Thursday, February 20, 2014

Visit to Warrensburg MO and KC

Just a shout-out here to Wayne Miller, the editors of PLEIADES magazine, and all I met during this recent reading trip to the University of  Central Missouri. The food in KC is enough on its own to justify such a journey, but my conversations with Wayne, with his charming wife Jeanne, with PLEIADES founding editor Rose Marie Kinder, with U of M/KC poet Michelle Boisseau, with UCM writing faculty members Phong Nguyen and Kate Nuernberger– all those encounters steel me in my long-held conviction that a lot, if not most, of the brains and talent in my world exist in places that certain Ivied snobs and east- or west- coast chauvinists might archly describe as the provinces.

What a lively scene I walked into out there! I am grateful beyond description.

It felt timely too to be in KC just as I was finishing KANSAS CITY LIGHTNING, Stanley Crouch's much lauded book on native son Charlie Parker. I wish I thought better of that volume myself. Crouch is obviously a learned, passionate, and very bright man; but I'm constantly put off by his --what?-- "novelistic" strategies in the account of Bird's early career. He seems able, for example, to know just how Parker's first wife, Rebecca, felt upon seeing Charlie at the beginning. He knows that she had goose bumps, and knows just what was running through her mind. Touches like this, and they abound throughout, detract from his portrayal of one of American music's most gifted,compelling, and troubled figures. One can't, or at least I can't, keep from shouting out loud: How in hell can you know that, looking back from well into the 21st century? I long to suspend disbelief, but I'm simply unable.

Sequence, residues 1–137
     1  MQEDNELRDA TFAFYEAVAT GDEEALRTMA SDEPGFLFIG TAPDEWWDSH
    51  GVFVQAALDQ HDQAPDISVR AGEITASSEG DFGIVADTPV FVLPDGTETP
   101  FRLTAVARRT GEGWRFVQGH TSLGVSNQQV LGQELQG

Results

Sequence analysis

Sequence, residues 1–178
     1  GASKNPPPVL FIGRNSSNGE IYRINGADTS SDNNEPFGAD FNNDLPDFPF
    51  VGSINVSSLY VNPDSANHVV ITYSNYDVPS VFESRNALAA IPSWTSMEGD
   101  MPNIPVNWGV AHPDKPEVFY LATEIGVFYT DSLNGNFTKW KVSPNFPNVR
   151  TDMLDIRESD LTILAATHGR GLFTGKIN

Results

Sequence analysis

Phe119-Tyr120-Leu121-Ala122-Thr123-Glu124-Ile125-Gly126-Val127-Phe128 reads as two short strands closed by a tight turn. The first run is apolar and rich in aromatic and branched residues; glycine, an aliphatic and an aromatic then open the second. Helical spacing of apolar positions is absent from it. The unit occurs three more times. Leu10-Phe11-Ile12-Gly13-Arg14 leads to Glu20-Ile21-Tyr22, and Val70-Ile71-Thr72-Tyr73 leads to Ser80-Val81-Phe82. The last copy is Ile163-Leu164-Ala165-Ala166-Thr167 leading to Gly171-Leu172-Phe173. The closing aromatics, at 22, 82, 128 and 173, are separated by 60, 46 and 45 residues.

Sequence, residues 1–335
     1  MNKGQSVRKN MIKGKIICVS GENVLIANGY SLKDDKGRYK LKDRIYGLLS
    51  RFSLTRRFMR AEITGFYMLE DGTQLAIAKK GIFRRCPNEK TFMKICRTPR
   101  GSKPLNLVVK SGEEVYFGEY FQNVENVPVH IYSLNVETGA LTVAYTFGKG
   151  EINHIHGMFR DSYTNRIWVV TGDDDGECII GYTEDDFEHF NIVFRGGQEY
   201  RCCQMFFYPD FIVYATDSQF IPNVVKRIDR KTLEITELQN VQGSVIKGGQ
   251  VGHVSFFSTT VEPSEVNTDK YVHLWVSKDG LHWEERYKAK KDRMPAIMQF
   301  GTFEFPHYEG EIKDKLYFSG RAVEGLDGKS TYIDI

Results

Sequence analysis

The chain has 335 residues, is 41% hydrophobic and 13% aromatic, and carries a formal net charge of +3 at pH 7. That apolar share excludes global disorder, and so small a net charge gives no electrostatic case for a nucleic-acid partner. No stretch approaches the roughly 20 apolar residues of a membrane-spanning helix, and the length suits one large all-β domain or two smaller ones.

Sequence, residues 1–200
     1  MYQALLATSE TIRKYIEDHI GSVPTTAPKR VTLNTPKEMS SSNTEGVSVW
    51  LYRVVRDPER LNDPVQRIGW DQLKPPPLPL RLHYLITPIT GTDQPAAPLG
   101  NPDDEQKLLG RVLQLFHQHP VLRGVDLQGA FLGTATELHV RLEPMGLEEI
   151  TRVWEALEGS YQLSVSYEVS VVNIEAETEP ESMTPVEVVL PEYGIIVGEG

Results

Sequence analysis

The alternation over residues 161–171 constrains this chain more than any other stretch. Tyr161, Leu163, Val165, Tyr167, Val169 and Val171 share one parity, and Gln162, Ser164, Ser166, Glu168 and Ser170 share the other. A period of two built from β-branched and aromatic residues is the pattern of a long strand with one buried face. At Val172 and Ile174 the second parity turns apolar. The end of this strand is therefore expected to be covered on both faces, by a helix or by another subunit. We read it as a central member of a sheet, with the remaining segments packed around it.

Tuesday, February 11, 2014

double laureate team-up

A while ago, the fabulously talented and bright Vermont Cartoonist Laureate James Kochalka (since succeeded by Ed Koren) collaborated with me on a book of– what? Graphic poetry? Sure, why not?

First, James drew cartoon illustrations of a poem by my hand, "Garnett and Leon in December," reproduced below. (You may have to use your Zoom command to read the text.)

Then he sent me four uncaptioned panels, featuring a strange little character named Squiggle, and I composed a poem in response, also reproduced below.

I'd never have dreamed that such a collaboration –sponsored by the Vermont Arts Council and the Vermont Center for Cartoon Studies– would eventuate. I am very glad it did!